FDA Safety Labeling Changes: June 30, 2004

Yael Waknine

June 30, 2004

June 30, 2004 -- The U.S. Food and Drug Administration (FDA) approved in April revisions to drug safety labeling to inform healthcare professionals of the following changes: cetrorelix acetate for injection is contraindicated in severe renal impairment, doxapram HCl injection is contraindicated in patients with mechanical disorders of ventilation, voriconazole adversely interacts with ritonavir and efavirenz, conjugated estrogens for injection are associated with malignant neoplasms, and vitamin D and its derivatives should not be coadministered with doxercalciferol.

Cetrorelix Acetate for Injection (Cetrotide) Contraindicated in Severe Renal Impairment

The FDA approved a revision on April 30 to the safety labeling for cetrorelix acetate for injection (Cetrotide, made by Serono), advising of its contraindication in severe renal impairment.

Cetrorelix is indicated for the inhibition of premature luteinizing hormone surges in women undergoing controlled ovarian stimulation.

Doxapram HCl Injection USP (Dopram Injection) Contraindicated in Patients with Mechanical Disorders of Ventilation

On April 16, the FDA approved a revision to the safety labeling for doxapram hydrochloride injection USP (Dopram Injection, made by Baxter), advising of its contraindication in patients with mechanical disorders of ventilation.

The warning extends to patients with mechanical obstruction, muscle paresis (including neuromuscular blockade), flail chest, pneumothorax, acute bronchial asthma, and pulmonary fibrosis and other conditions that result in restriction of the chest wall, muscles of respiration, or alveolar expansion.

Doxapram is used to stimulate respiration in drug-induced postanesthesia respiratory depression, drug-induced central nervous system depression, and chronic pulmonary disease associated with acute hypercapnia.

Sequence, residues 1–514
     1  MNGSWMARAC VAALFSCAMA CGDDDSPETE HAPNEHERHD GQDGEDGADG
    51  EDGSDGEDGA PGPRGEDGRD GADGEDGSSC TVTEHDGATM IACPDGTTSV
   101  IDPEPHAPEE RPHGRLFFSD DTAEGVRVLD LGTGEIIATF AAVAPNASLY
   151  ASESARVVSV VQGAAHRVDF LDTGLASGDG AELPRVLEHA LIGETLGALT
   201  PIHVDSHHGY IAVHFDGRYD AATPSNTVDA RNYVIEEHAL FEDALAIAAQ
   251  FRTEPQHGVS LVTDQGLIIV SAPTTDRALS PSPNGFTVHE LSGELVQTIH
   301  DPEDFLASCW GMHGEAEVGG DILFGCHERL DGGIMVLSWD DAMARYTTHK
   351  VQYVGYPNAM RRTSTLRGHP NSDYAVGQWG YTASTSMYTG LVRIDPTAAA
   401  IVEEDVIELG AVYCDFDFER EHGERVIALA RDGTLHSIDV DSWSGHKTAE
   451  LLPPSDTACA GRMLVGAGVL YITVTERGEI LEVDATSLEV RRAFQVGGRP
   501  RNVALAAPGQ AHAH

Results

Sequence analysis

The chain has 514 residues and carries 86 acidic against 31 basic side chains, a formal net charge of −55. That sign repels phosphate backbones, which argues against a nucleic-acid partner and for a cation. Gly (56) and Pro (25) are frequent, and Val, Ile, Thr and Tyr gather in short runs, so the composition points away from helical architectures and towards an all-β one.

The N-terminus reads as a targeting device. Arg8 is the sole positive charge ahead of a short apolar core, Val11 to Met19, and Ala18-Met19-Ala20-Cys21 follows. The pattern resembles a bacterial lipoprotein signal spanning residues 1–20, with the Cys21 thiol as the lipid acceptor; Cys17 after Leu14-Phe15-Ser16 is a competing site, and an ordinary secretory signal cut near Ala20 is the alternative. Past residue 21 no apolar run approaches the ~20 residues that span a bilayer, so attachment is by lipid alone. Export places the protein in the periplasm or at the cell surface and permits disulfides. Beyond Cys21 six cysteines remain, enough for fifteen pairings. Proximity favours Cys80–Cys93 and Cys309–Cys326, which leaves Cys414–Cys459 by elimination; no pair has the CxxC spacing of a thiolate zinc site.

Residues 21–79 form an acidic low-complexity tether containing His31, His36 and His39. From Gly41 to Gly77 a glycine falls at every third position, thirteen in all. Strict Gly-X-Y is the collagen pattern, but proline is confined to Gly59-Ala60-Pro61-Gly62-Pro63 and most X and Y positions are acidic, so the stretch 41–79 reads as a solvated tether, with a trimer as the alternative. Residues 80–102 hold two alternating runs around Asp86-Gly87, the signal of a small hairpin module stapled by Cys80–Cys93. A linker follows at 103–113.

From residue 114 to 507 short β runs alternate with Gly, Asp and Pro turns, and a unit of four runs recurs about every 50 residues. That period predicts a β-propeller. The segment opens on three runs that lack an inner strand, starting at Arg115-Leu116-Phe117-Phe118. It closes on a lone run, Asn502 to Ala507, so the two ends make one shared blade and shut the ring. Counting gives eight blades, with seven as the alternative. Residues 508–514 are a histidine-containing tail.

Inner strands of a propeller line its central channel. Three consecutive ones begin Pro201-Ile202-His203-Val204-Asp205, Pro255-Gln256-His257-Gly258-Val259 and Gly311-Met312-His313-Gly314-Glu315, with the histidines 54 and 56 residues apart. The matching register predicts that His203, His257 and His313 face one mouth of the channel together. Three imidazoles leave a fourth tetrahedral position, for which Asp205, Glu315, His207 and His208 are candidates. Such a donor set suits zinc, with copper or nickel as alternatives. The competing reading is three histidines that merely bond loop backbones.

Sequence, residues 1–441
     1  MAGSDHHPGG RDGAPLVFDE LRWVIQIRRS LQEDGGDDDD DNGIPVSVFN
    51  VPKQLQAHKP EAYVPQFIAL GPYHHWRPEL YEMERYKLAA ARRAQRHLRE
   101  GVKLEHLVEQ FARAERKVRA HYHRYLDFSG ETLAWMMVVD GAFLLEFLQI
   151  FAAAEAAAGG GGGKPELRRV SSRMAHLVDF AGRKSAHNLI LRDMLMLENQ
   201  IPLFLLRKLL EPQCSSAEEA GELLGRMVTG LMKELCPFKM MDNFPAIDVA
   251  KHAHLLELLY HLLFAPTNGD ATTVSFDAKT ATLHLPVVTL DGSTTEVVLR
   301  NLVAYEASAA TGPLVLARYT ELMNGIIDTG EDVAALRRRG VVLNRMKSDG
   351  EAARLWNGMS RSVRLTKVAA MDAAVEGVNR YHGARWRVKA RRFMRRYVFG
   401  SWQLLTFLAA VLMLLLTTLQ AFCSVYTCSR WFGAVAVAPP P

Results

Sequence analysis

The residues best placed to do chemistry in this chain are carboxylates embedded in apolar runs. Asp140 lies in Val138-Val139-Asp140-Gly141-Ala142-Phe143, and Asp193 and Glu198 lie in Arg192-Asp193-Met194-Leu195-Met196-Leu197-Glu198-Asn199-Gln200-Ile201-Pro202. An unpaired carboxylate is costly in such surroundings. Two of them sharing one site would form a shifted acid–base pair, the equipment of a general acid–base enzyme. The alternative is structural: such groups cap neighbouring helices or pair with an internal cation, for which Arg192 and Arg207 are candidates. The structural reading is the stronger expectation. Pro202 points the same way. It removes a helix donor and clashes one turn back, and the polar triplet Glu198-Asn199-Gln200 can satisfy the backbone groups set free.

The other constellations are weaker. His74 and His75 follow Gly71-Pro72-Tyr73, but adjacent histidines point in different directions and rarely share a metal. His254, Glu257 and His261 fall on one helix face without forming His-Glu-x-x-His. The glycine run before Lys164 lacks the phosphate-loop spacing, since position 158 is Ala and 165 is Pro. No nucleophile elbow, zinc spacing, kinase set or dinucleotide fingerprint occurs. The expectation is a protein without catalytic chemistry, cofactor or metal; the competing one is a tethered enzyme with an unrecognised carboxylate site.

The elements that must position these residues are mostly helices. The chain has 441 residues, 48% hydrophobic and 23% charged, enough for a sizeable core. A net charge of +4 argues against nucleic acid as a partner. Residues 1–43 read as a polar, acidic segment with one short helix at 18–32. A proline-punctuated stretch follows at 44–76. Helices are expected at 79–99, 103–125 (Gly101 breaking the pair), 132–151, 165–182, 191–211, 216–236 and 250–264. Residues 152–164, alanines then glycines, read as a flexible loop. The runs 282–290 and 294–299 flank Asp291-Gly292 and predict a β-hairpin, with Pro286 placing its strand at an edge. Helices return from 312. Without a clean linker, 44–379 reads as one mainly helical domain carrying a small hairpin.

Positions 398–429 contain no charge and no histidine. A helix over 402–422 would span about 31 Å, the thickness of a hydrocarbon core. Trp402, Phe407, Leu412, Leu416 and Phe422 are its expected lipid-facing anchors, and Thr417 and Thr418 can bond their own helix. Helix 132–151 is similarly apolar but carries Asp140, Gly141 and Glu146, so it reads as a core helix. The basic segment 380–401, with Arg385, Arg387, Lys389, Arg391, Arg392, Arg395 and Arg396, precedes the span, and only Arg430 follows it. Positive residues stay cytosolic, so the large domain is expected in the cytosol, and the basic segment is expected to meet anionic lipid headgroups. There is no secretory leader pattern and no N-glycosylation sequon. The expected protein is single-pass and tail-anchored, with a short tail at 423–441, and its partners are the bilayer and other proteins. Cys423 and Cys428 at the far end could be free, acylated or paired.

Voriconazole (Vfend) Adversely Interacts With Ritonavir and Efavirenz

On April 21, the FDA approved revisions to the safety labeling for voriconazole injection, oral suspension, and tablets (Vfend, made by Pfizer), indicating its contraindication in patients receiving ritonavir and efavirenz due to drug interactions.

Concurrent administration of voriconazole with ritonavir (400 mg every 12 hours) results in decreased plasma voriconazole concentrations in healthy patients. The effect of ritonavir given as 100 mg every 12 hours to inhibit the CYP3A liver enzyme and increase concentrations of other antiretroviral drugs has not been assessed.

Concurrent administration of voriconazole with efavirenz results in significantly decreased voriconazole plasma concentration, while that of efavirenz significantly increases.

Voriconazole is indicated for the treatment of invasive aspergillosis, esophageal candidiasis, and other susceptible serious fungal infections.

Conjugated Estrogen USP for Injection (Premarin Intravenous) Associated With Malignant Neoplasms